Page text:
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Fuzzy Finding with Emacs Instead of Fzf (masteringemacs.org)
138 points by signa11 5 months ago | hide | past | favorite | 50 comments

If you work on large repos at large companies using Vim or Emacs, my experience has been that most solutions seem to break down under the performance strain except for getting FZF in the mix. I've tried stock Telescope+neovim, Emacs+helm/ivy, etc.

I’ve been able to get decent performance from helm in large repos. I think the main thing is to get rg to walk the list of files instead of using the native elisp implementation.

I’ve found this article useful for understanding how to debug performance issues in Emacs: https://www.murilopereira.com/how-to-open-a-file-in-emacs/

Fantastic read, thank you for sharing!

Never tried other solutions, but fzf + vim + ripgrep handle everything I've worked with without any real performance issues even on 500K-1M line repos. Of course they're no longer instantaneous at those line counts, but still in the order of seconds.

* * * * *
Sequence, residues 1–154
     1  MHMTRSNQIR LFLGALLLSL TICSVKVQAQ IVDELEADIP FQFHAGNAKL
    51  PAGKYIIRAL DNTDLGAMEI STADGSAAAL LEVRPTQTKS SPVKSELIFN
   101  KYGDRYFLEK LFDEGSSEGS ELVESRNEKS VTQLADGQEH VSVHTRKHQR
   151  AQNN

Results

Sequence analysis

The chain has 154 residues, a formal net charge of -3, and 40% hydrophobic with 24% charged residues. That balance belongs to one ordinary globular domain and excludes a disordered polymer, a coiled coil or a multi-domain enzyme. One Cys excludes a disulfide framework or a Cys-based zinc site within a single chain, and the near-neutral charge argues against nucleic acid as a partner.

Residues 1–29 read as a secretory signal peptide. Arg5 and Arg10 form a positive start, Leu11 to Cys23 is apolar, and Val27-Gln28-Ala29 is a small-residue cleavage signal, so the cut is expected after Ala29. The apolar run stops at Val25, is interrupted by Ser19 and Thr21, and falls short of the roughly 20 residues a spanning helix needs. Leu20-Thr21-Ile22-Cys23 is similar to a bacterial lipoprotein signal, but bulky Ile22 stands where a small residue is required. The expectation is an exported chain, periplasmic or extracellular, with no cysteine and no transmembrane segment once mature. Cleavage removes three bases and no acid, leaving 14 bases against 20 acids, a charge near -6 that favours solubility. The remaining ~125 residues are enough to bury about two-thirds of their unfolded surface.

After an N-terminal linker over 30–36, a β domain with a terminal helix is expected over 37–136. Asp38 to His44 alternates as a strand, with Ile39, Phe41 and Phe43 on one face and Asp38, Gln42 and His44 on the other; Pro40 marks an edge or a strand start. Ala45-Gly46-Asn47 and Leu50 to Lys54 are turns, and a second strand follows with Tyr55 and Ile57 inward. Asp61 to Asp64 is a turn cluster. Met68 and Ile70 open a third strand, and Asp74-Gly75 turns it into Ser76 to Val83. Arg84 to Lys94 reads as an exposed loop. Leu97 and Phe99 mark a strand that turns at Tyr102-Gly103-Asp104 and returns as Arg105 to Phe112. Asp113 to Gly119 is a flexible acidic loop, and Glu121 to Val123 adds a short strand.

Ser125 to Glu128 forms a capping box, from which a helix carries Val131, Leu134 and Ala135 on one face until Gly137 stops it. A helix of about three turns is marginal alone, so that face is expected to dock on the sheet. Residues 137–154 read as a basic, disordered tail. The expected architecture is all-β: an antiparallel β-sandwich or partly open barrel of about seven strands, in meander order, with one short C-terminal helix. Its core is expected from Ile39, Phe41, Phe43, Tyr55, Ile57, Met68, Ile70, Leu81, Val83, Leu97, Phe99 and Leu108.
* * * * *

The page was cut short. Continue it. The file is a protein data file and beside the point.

Yeah that's the stack I was running as well. I think we had like 15 million LOC or more and it was useable.

At that point, I’d be project-scoping to individual submodules rather than the whole monolith. For something like projectile, that would mean dropping a .projectile in the submodule root so my “rip grip in project” functions are scoped to the submodule, then using VC to mark the root where I need to expensively search the whole project.

Could you explain more about this setup? I'm not familiar with "projectile". Is this https://github.com/bbatsov/projectile the same thing you're referring to?

Sounds interesting. What I've done recently is open my vim in the folder that contains all the organization's repos (the ones I've cloned) and just run ripgrep inside vim to find examples or references to whatever I've seeking. Seems performant enough even without doing anything except letting ripgrep ignore git-ignored stuff (default behavior of ripgrep).

Sure - projectile is one of the packages that convinced me to migrate from vim to emacs. It curates a notion of "project" and maintains a list of projects you visit. My workflow is based around a lot of using projectile-find-file, which prompts you for a known project, then dumps you into an completion interface to open a specific file.